Misconception #1: A Solo Run is impossible
This one takes the cake. It’s the most common misconception of them all, and one that will prevent many a player from trying a Solo Run in the first place, or even dare to consider the matter at all. It stems partly from the fact that when you arrive at Stornway and get introduced to the prospect of fighting the resident boss of the area, several NPCs advise you to recruit a party in order to take down that mighty foe. While this may rightfully be interpreted as a way to let you know that the game is becoming too difficult to tackle with a single character, and is indeed often interpreted so, I think that this is really nothing more than a cleverly disguised way of informing you that you now have the possibility to recruit a party if such is your desire, either by using the multiplayer option or by creating it from scratch. If these warnings from the townspeople were indeed a reliable indication that Dragon Quest IX cannot be played solo from the moment you reach Stornway, then the game would find a way to prevent you from going forward on your own, which it does not.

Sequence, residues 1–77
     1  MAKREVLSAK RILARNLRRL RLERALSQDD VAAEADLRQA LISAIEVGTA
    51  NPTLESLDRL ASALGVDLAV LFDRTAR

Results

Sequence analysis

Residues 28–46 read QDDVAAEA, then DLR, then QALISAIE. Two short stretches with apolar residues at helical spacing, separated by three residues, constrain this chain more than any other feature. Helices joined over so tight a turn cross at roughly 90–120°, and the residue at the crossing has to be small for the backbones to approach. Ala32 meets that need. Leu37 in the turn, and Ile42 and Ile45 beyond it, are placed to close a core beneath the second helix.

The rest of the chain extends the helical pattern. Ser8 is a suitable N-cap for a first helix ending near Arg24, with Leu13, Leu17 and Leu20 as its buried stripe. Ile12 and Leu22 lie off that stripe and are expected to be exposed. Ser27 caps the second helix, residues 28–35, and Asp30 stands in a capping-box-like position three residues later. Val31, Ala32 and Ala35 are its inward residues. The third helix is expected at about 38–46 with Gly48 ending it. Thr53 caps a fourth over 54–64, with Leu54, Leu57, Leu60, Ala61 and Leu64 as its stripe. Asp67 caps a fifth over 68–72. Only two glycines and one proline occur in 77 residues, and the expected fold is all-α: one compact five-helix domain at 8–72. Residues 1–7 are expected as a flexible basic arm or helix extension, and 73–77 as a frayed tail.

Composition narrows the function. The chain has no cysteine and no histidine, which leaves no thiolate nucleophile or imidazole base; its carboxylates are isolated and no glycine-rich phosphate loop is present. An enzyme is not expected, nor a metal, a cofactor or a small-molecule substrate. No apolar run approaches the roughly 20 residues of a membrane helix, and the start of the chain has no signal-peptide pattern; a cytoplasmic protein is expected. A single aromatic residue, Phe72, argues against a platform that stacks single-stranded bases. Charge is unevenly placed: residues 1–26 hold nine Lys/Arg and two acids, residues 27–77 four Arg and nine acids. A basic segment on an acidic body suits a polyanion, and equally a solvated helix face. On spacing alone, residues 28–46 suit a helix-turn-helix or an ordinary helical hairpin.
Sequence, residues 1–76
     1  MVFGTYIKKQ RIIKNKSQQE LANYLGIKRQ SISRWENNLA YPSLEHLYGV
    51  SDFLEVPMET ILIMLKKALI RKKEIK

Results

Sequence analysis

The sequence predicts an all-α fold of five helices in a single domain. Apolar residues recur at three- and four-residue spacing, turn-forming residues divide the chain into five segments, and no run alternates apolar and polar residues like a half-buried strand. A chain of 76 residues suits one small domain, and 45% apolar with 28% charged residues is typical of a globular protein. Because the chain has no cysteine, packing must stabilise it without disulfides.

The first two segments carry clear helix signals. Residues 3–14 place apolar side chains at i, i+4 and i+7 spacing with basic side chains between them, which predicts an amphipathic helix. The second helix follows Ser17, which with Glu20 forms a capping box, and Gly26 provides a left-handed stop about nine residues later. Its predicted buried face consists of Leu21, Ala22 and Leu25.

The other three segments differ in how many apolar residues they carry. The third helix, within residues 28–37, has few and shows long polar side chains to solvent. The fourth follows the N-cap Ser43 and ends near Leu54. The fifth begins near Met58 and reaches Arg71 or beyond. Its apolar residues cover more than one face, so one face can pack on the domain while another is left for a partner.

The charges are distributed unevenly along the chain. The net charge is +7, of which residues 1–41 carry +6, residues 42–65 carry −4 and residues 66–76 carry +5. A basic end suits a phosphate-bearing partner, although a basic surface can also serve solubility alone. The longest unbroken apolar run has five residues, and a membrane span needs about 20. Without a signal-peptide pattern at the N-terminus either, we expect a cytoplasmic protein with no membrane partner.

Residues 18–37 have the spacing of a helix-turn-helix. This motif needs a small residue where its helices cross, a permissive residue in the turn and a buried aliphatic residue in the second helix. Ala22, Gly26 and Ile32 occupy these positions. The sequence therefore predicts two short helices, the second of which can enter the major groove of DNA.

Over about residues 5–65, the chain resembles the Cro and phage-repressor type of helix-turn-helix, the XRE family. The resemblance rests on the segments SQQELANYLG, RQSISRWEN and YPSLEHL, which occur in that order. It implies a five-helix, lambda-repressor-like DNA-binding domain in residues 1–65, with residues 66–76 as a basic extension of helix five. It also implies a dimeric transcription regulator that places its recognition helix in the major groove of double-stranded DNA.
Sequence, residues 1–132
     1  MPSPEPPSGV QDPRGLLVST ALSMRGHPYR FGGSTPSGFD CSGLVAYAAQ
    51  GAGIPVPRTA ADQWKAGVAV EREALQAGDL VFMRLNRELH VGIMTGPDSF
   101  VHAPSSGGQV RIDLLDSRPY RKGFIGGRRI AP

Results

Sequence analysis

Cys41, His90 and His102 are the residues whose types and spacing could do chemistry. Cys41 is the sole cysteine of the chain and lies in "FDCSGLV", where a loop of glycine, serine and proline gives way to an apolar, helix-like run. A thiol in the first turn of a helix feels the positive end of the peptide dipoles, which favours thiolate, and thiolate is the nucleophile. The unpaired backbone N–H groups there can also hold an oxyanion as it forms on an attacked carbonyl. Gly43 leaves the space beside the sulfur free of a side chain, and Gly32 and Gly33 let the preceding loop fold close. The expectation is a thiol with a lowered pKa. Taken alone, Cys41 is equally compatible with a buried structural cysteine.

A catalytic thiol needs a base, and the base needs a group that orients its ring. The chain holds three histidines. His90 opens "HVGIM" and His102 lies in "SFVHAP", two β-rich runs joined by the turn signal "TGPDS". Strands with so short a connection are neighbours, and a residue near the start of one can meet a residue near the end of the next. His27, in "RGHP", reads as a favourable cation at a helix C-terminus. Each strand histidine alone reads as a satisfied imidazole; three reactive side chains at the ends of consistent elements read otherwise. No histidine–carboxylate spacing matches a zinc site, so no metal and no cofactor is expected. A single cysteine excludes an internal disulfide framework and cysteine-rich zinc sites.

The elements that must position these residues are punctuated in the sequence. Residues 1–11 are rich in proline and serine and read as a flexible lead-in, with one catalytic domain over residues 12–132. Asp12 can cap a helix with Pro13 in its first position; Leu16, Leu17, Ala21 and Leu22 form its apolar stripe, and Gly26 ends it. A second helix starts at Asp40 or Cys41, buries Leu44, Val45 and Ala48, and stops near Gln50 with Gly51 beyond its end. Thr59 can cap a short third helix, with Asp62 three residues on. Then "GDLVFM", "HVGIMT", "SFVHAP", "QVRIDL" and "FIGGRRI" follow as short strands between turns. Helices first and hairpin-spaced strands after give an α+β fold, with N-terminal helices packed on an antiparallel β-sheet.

Another point that allows this misconception to arise is the fact that even with a party by your side, the game remains exigent. It often forces you into level grinding, usually before meeting bosses, and those boss fights are challenging in their own right, even with a conveniently leveled-up party. The perfectly logical reasoning here is that if the game is demanding even with the help of a party, then it has to be entirely impossible with a single character. And yet it is not so. How can that be, you may ask? Well, it all boils down to the leveling up system. In Dragon Quest IX, every fight you win will bring you a fixed number of experience points, which will then be divided and dispatched between your party members, and that number of points remains the same no matter how many characters are in your party. This basically means that when you are playing solo, your single character will reap all the experience points, and thus level up faster than they would with party members. This sped-up leveling process will compensate for the absence of a party, and allow you to play as comfortably as if you had party members by your side, if not more. I’ll come back to this later.